The world’s largest shipping lines are reaching the peak of their most profitable run in history. Now, they’re starting to decide how they’ll invest the billions of dollars they’re raking in each quarter.
Supply chain chaos—brought on by pandemic disruptions to ports, factories, and consumer spending—has allowed shipping lines to charge their customers 20 times more per container than they did before the pandemic. But their underlying expenses haven’t changed much allowing cargo carriers to keep almost all of the price increase as profit.
Before the pandemic, shipping was a cutthroat, low-margin business in which carriers competed fiercely to slash prices and attract customers. Most businesses veered between losing money and eking out a narrow profit each quarter. Within about two years, analysts expect shipping rates will return to normal levels and shipping lines will go back to low profits and lean budgets.
Before that happens, many shipping lines have decided to use their pandemic profits to expand into new, potentially more lucrative lines of business, like cruise ships and cargo planes. Others are simply trying to grow as big as they can with their newfound cash to gain an edge on the competition.
Maersk buys a piece of every step in the supply chain
The world’s largest shipping line is no longer content to just be a shipping line: Maersk has ambitions to control each stage of supply chain logistics, from ships to planes to trucks to warehouses. This year, the company has bought:
- Two new Boeing 777 cargo jets to add to its budding cargo airline’s existing fleet of 15 planes
- 16 new electric trucks to add to its fleet of 215 vehicles
- Eight carbon-neutral ships for $1.4 billion
- Two warehouse and logistics companies that operate ecommerce fulfillment centers in the US and Europe
- Senator International, a “freight forwarder” that acts as a broker between shipping companies like Maersk and their customers
- $5 billion worth of its own stock, in a massive share buyback program announced in May
Mediterranean Shipping Company expands its cruise line
The private, family-run business doesn’t report quarterly profits—but it has been on a buying spree that could help it overtake Maersk as the world’s largest shipping line. In the past year, it has bought:
- About 60 second-hand cargo ships, with at least 43 new ships on order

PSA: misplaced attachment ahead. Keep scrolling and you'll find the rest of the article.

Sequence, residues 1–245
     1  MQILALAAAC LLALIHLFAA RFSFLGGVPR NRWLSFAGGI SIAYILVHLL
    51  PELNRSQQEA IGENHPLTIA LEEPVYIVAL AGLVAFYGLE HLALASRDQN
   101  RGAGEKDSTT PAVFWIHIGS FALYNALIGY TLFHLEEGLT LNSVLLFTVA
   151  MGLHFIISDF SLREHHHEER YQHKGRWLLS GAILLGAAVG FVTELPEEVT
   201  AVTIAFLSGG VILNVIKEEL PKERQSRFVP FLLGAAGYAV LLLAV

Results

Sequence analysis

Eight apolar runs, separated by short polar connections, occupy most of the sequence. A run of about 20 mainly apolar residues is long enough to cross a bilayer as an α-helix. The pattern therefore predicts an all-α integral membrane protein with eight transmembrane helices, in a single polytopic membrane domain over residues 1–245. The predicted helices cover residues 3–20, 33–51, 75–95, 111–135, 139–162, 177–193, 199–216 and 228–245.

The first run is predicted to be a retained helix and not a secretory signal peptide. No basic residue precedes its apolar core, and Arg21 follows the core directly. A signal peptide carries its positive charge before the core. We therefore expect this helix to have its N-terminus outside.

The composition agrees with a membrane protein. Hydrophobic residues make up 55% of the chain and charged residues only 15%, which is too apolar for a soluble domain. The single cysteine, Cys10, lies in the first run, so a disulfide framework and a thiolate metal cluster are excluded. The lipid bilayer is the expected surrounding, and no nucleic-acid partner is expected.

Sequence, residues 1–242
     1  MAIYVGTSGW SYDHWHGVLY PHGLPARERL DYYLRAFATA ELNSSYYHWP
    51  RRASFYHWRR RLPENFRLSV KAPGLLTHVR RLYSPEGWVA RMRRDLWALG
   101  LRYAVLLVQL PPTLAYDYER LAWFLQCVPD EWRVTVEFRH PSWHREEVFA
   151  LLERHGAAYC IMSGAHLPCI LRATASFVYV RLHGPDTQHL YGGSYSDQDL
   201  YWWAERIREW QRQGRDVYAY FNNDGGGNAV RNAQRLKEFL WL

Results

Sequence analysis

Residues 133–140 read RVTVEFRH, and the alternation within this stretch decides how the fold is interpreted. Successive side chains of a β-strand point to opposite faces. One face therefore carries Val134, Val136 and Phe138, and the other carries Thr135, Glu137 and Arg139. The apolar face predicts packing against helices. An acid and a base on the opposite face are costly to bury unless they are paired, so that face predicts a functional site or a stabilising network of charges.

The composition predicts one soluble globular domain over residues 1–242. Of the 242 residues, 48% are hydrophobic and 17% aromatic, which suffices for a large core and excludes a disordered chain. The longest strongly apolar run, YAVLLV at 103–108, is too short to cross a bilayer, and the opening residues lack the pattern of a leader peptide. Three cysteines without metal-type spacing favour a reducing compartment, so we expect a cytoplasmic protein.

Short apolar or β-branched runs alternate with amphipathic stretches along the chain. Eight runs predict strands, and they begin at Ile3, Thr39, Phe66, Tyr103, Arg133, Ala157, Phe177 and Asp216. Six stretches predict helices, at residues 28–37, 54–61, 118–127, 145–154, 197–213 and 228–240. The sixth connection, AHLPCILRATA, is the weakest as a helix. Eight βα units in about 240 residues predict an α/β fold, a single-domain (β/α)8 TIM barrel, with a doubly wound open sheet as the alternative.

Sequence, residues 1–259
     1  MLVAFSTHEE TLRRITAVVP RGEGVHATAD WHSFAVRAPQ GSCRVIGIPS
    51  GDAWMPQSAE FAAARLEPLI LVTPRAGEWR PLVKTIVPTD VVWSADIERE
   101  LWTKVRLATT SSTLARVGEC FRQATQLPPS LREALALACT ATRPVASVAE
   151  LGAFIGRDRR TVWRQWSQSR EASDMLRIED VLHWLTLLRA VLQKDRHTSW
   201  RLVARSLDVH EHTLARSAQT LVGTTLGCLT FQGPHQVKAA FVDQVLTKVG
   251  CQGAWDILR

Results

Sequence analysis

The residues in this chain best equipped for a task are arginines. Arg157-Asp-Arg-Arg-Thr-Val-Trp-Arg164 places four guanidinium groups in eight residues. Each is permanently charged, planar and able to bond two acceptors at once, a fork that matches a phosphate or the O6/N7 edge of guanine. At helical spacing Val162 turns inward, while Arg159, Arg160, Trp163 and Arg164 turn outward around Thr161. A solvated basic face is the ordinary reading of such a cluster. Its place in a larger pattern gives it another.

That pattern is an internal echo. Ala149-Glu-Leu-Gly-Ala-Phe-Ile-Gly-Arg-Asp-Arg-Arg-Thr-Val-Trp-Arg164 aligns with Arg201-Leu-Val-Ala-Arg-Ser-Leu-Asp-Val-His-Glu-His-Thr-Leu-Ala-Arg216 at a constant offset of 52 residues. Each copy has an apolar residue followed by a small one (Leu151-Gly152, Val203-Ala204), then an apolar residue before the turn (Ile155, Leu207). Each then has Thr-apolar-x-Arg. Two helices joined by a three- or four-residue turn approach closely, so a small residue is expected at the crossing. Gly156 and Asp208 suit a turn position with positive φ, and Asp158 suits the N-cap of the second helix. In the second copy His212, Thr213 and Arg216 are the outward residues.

- 12 new cruise ships, at a price of $11.3 billion, which will make MSC the fastest-growing cruiseline over the next five years
CMA CGM launches an airline
In February, the world’s third largest shipping company launched an airline to carve out a piece of the air cargo business, which has also seen rates and profits soar during the pandemic. This month alone, it has bought:
- Four new Airbus cargo jets, to expand its nascent fleet of six freight planes
- 10 ice-breaking container ships to expand its presence in the Baltic Sea
- A $2.3 billion container terminal at the Port of Los Angeles
Hapag-Lloyd buys up port terminals
Hapag-Lloyd has decided to use its pandemic windfall to buy up port terminals, many of which have been overwhelmed by cargo traffic during the pandemic. Company CEO Rolf Habben Jansen has said the company isn’t interested in air cargo, freight forwarding, or warehousing like some of its rivals—but it’s always open to buying another terminal. Since the pandemic began, it has bought:
- A 30% stake in the deepwater port and a 50% stake of the railroad terminal at Wilhelmshaven, in Germany
- A 10% stake in a container terminal at the port of Tanger-Med in Morocco
- Six gargantuan 23,500-container ships for $852 million
- 10 smaller 13,000-container ships for $1 billion
Evergreen doubles the size of its cargo fleet
Evergreen, the world’s seventh largest shipping line, is looking to rise up in the rankings. The company has gone on the biggest ship-buying spree relative to its size of any shipping line; when its orders are filled, it will have roughly doubled the size of its cargo fleet (and leap-frogged Hapag-Lloyd to become the world’s fifth largest shipping line). This year, it has bought: